(2) 13,4 x 20 cm, digital print.
These landscapes look very normal but they are actually fantasy landscapes, constructed by copy-pasting the fog and skies from the North of the Netherlands on images from Piacenza (IT), Colpani's home town.
(2) 80 x 95 cm, digital prints.
Both images are enlarged fragments of fog. One photo is from fog in Piacenza, one is from fog in Frisian village Húns. The images have a certain effect, similar to real fog. When you look at them for longer, they make you dizzy because of the enlargment of the pixels.
(2) 45 x 60 cm, pencil on paper
The drawings are made to reproduce fog. When looking at the drawings from a distance, they look like (digital) noise, but in fact this effect is created by drawing very small lines all close to each other to graphically produce the same effect of fog.
This project started with a book by Italian reporter Edmondo De Amicis, who visited the Netherlands around the 1870’s and wrote a book, translated in Dutch as “Nederland en zijn bewoners” (tr. Ronald Fagel). Colpani related her experience as Italian immigrant in the Netherlands to De Amici’s obeservations.
# 1 Het gemaakte land
Audio (loop), voice Marie-Anne Schouten
A female voice receits the following sentence many times: “Het is een kunstmatig, een gemaakt land. De Nederlanders hebben het gemaakt. Het bestaat, omdat de Nederlanders het bewaren. Het zou verdwijnen als de Nederlanders het verlieten”.
# 2 Het gemaakte land: window frames
Digital prints (3), 187 x 100 cm; 80 x 70 cm; 108 x 80 cm, Amsterdam (NL)
Three photographs of window frames from Amsterdam (Surinameplein and surroundings). The element of the window frames is an object inbetween private and public space, that indirectly defines our relation to others and to outside/inside space itself.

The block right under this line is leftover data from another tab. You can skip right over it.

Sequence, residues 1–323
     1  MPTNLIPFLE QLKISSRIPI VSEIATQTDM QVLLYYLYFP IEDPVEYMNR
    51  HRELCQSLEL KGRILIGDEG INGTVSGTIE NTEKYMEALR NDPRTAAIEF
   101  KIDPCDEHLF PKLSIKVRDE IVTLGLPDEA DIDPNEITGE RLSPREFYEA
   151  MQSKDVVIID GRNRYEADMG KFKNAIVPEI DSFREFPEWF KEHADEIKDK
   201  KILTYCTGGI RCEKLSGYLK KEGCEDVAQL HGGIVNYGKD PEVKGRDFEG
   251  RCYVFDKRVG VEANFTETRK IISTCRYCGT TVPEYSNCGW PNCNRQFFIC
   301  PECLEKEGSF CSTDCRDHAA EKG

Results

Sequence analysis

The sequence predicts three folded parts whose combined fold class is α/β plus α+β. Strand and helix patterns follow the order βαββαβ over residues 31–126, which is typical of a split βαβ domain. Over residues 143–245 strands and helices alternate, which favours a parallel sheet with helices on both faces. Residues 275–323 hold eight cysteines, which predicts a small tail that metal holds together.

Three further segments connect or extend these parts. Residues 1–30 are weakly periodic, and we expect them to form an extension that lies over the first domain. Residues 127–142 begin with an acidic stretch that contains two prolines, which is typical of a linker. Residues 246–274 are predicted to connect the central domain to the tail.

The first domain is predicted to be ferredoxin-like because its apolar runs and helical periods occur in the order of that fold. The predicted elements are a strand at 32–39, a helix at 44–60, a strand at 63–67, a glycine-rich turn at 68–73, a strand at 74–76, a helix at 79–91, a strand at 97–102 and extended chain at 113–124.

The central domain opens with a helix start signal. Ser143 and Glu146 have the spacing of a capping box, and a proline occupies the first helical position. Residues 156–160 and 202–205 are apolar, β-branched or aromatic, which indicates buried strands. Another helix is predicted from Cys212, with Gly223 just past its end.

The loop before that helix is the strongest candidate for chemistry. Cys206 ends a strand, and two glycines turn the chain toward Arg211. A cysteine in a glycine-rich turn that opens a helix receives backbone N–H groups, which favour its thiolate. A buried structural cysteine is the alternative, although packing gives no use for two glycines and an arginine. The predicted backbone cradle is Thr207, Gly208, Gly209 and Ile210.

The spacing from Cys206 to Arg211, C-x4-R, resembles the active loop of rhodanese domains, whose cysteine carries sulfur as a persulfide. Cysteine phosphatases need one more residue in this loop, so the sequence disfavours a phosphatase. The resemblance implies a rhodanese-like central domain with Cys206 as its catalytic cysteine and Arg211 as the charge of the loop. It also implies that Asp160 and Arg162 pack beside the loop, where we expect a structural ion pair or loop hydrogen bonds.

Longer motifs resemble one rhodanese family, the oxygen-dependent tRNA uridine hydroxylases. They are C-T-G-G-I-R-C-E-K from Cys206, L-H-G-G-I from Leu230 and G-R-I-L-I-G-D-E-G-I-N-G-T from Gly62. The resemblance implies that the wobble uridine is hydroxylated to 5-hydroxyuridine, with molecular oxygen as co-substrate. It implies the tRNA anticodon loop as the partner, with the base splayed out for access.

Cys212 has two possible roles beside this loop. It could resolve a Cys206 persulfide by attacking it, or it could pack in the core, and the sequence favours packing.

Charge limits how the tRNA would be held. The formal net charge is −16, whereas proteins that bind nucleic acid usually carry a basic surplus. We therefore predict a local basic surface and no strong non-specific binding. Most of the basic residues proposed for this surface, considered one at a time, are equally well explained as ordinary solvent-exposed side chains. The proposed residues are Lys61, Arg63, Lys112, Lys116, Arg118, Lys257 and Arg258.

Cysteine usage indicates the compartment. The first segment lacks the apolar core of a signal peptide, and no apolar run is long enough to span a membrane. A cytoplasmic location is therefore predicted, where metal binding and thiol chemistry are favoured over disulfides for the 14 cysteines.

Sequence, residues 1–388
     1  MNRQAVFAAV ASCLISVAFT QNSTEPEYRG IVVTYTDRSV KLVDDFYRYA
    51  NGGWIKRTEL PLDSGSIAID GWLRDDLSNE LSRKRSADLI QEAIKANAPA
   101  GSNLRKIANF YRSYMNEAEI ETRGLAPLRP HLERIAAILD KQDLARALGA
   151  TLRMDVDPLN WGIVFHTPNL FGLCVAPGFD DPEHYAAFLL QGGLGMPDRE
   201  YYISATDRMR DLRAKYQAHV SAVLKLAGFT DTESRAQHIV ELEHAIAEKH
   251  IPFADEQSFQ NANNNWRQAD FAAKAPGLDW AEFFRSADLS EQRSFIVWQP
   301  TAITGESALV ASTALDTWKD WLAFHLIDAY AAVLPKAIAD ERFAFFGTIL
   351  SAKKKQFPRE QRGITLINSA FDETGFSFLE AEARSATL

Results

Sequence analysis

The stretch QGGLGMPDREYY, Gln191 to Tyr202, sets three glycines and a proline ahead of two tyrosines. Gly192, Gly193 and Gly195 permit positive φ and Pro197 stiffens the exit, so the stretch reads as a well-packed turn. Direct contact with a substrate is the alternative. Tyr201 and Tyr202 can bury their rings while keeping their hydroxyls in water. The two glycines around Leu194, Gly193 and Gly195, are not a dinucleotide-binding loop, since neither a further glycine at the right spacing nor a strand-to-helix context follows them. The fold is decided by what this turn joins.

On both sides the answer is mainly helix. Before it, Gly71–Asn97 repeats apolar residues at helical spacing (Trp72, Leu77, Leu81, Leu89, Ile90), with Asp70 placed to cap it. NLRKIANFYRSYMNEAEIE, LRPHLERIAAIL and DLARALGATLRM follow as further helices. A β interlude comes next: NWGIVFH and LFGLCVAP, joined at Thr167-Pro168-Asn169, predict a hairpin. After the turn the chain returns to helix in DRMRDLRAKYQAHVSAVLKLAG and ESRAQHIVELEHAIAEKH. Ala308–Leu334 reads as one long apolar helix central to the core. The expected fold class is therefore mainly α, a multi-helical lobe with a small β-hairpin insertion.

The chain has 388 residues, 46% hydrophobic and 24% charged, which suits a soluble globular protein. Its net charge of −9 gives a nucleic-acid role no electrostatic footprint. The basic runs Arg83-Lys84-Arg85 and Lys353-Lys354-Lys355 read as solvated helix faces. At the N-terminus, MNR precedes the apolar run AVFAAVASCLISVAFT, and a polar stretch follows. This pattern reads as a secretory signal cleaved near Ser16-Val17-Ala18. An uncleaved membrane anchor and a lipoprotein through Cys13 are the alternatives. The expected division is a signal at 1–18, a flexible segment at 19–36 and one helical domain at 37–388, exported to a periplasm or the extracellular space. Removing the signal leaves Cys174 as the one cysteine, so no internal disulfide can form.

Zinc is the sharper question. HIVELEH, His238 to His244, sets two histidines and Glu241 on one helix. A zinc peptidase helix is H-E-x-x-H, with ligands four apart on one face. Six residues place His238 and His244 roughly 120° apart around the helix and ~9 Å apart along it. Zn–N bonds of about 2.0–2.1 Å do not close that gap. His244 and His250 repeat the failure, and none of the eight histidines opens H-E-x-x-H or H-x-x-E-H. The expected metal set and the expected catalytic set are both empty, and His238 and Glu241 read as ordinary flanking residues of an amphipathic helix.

# 3 Het gemaakte land
(5) A5 flyers, designs on commission by Jens Domela Nieuwenhuis, Story Studio, Johanna Ehde, Rosie & Paul, Liset van de Graaf.
The flyers feature five statements from “Benoemen, nummeren en begrenzen: handboek voor gemeenteambtenaren die zijn belast met het benoemen van de openbare ruimte, het nummeren van vastgoedobjecten en het begrenzen van gebieden”. Five different designers were commissioned to each design a flyer for one of the sentences.
Elsewhere researches the idea of foreignness by looking closer at how our environment, our stories and the objects we own are given shape. We design our objects and our living environment and they, in turn, direct our perception and our believes continuously and almost seeminglessly.
The book is divided in five chapters. Each chapter approaches the subject from a different point of view. I have spoken to friends who have a strong experience in relation to each thematic and I have either interviewd or discussed different artists and asked them about their practices in relation to art’s potential to subvert our personal experiences by producing foreignness and putting us in the position of the newcomer, the stranger who has to learn how to “read” the surroundings all over again.